There are endless ways to start saving money. Many can be used in tandem to achieve optimal savings, or you can choose just one to get your journey started. Remember: The best approach is the one that you can stick to.
One way to save money is to automatically transfer a percentage or dollar amount from your paycheck to your savings account each week—set it and forget it, if you will. This method contributes funds to your savings account every time you get paid.
For example, if your monthly net income is $3,000 and you want to save 10% of your paychecks, your monthly savings contribution should be $300, or $150 every two weeks.
($3,000 / 2 paychecks per month) x 10% savings goal = $150 biweekly contribution
($150 x 2 paychecks per month) x 12 months = $3,600 annual contribution
With biweekly direct deposit, you can automatically funnel $150 per paycheck into a savings account. At the end of one year, you will have saved $3,600, and none of that money will have ever touched your checking account.
Before you put money away, create a separate account for your general bills and expenses, which may be your current checking account, as well as a separate savings account. You may even want to open a different savings account for each of your goals, for example:
This is not mandatory, but it can help you keep track of where your money is being allocated and in what areas you need to save more.
Budgeting gives you a clear sense of direction when it comes to spending, saving, paying down debt, and allocating money to other areas of your life. Depending on your lifestyle, spending habits, and savings goals, there are different budgeting methods that you can incorporate into your life to either help you stay on track or completely revamp the way that you handle money.
To gamify your savings journey, allocate change to different jars (literal or figurative is fine) to help you reach your goals. Every time you acquire a $5 bill, put it in your emergency fund, drop all of your silver coins into a vacation jar to cash in before your next big trip, or snag your tax refund as soon as it drops into your account to pay down debt. It’ll only be a matter of time before you build up your accounts—and the process might even be enjoyable!
Creating inspirational, achievable savings goals is another way to make savings a bit easier and more fun. Spending habits may vary from month to month, so it’s okay for savings goals to look the same.
One month, you might have a weekend getaway planned, where you’ll potentially spend more money than you typically would. If needed, you could reduce your long-term savings contributions and only add to your emergency fund. The next month, you might not have a lot of extracurricular activities planned so you can get serious about funneling money into your long-term savings goals.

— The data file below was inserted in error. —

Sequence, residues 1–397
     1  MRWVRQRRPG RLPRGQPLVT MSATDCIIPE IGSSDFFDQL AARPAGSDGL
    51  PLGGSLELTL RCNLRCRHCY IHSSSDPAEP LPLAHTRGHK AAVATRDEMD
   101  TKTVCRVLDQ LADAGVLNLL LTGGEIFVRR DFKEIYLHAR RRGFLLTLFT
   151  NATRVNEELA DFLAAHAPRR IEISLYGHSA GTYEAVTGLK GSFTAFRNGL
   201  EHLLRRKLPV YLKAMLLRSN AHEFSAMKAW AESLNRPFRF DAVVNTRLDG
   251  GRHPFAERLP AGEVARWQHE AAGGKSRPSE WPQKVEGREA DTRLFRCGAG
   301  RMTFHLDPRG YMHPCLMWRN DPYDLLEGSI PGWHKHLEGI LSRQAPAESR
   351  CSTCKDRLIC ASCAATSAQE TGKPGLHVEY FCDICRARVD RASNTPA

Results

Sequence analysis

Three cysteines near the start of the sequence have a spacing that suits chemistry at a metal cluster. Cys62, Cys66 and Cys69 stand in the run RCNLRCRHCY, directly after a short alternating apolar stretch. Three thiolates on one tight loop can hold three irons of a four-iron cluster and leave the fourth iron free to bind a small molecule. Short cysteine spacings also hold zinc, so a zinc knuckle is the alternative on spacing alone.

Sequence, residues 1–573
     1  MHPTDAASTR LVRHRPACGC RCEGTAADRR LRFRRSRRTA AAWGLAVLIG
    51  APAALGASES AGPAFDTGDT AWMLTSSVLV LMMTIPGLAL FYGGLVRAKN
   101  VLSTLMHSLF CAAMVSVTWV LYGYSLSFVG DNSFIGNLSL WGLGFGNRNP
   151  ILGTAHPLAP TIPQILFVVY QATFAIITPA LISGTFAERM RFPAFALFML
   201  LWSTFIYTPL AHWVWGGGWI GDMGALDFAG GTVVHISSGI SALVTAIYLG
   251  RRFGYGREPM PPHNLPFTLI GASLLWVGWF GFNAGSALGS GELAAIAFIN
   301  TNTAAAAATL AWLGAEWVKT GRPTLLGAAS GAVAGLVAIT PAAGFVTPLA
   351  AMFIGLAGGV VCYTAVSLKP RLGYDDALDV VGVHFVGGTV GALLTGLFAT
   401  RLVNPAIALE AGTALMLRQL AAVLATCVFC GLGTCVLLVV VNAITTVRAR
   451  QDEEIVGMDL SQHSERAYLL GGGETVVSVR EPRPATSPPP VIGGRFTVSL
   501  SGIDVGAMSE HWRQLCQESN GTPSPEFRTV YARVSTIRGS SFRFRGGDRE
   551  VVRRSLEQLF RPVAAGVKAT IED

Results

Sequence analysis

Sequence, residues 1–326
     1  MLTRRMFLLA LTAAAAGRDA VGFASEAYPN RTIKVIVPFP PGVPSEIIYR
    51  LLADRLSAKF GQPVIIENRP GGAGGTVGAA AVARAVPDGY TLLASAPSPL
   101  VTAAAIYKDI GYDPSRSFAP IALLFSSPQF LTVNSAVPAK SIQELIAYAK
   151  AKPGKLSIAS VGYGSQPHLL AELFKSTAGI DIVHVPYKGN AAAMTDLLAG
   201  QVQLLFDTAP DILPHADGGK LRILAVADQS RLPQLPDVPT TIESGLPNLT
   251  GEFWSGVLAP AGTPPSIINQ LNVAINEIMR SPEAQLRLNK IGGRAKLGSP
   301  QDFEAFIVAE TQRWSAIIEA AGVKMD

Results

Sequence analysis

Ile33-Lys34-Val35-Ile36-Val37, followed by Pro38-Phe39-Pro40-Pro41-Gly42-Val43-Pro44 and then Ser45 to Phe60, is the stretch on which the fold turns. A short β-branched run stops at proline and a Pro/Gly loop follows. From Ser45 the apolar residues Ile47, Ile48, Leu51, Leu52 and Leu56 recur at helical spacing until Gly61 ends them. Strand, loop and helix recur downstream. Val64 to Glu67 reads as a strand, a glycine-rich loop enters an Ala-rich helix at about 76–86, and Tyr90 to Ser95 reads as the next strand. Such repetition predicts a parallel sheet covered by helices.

Downsizing your expenses—essential and nonessential alike—is another key method for saving money, and it’s something that you should regularly check in on anyway. Stop eating out so much, lower your grocery store bill, or only buy the clothes that you can’t live without.
You should also regularly audit your recurring expenses, such as cell phone and internet bills, to make sure that you haven’t been overcharged or to see where you can cut back. Re-evaluate your essential expenses and cut out the ones that no longer serve you, such as cable, a landline, gym membership, or streaming services.
No matter the debt—student loans, credit card debt, a mortgage—a monthly payment of such a large scale can be a financial drain. It can also be the thing keeping you from reaching your other savings goals. Eliminating debt is often easier said than done, but there are some strategies you can use to make the process a little easier. Negotiate your balance or interest rate, adjust your repayment plan (try the snowball method), use your tax refund to pay down your balance, or set strict boundaries on what you’re charging to credit. Not only will paying off debt work wonders for your mental and physical health, it can also give your credit score a bump.
Cushion helps you waste less money, save more, and live a financially healthier life. We monitor your bank and credit card accounts 24/7, find and alert you about pesky fees, let you know which fees are negotiable, which banks are cooperative, and can even automatically negotiate on your behalf.* To date, Cushion has secured customers more than $11 million in bank and credit card fee refunds—and we’re just getting started.
*Cushion only negotiates fees with high refund odds. We cannot guarantee any negotiations, a regular frequency of negotiations, or fee refunds—your bank makes the final call.